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Photo by Bruce Getty from Pexels

Whether a worm, a human or a blue whale, all multicellular life begins as a single-celled egg. From this solitary cell emerges the galaxy of others needed to build an organism, with each new cell developing in the right place at the right time to carry out a precise function in coordination with its neighbors.

This feat is one of the most remarkable in the natural world, and despite decades of study, a complete understanding of the process has eluded biologists.

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Silence tells more than screaming...

Now, in three landmark studies published online April 26 in Science, Harvard Medical School and Harvard University researchers report how they have systematically profiled every cell in developing zebrafish and frog embryos to establish a roadmap revealing how one cell builds an entire organism. (1)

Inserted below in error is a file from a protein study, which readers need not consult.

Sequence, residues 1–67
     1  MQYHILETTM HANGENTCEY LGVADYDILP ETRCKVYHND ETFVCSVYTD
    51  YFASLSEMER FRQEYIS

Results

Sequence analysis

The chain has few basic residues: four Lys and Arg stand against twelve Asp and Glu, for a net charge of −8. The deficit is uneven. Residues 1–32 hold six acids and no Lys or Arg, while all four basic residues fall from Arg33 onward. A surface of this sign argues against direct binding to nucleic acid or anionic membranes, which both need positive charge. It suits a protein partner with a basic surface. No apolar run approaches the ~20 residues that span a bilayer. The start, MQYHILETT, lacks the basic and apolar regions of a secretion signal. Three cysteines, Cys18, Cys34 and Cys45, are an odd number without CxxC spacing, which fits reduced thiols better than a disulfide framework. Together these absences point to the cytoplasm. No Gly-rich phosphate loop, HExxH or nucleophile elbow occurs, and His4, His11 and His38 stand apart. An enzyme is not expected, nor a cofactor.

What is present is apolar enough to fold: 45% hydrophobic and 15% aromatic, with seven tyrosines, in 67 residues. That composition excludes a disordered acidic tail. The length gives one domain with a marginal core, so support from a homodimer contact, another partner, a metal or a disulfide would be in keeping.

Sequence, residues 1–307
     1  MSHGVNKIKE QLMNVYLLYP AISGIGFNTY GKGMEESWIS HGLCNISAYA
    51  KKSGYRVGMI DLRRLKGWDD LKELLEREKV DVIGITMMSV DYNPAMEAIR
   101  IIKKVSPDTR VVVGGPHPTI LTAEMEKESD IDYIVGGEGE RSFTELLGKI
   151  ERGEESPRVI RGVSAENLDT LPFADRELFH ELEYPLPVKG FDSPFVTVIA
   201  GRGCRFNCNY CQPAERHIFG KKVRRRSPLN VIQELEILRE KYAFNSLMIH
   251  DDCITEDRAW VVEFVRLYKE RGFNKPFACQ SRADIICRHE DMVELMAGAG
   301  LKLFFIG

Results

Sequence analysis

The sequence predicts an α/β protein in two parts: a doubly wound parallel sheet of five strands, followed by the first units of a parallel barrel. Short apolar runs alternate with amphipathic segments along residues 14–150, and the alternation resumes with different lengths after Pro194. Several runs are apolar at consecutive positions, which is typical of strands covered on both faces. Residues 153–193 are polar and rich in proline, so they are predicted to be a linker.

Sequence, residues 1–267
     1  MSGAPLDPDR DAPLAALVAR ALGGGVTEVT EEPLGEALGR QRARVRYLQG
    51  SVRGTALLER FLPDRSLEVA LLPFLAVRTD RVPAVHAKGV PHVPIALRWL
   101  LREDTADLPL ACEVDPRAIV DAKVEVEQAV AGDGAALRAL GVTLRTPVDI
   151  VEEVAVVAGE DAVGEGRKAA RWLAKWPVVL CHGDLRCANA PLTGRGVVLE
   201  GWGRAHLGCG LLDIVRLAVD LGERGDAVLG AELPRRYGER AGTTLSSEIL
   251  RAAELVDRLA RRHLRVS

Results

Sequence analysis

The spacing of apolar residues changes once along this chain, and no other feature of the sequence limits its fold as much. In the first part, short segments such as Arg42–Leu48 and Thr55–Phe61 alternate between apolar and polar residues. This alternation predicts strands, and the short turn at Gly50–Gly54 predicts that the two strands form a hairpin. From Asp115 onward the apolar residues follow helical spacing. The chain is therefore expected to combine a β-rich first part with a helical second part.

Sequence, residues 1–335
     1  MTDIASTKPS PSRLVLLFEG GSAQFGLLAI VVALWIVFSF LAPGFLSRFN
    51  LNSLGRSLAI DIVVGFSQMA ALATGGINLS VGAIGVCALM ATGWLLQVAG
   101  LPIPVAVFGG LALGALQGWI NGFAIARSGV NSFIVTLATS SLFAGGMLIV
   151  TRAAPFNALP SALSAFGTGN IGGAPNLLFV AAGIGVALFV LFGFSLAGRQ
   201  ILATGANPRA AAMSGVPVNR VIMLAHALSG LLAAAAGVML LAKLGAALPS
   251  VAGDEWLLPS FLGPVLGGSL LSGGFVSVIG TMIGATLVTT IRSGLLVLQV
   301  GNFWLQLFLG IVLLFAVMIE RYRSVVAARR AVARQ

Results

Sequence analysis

How was the cosmos created?

How did the stars come to be?

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Solving problems. In two languages.

How did life become… alive?

Irrelevant questions. Boring quests.

Searching for the how. In a world made out of Whys.

Looking for death. In a cosmos made out of life…

Imagine a cosmos without causes. A world without laws. A universe governed by will. A fascinating universe. See that little blind man. Brought into the universe unwillingly. Caring about nothing. Just wanting to find out how everything happened. An insect in a universe governed by titans. A shadow of nothingness, in a cosmos made out of everything.

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Dogs, grammar, silence...

The world will soon get rid of that insect.

The cosmos will be silenced again.

Logos will utter its last words.

And just out of nothing.

A man will be re-born…

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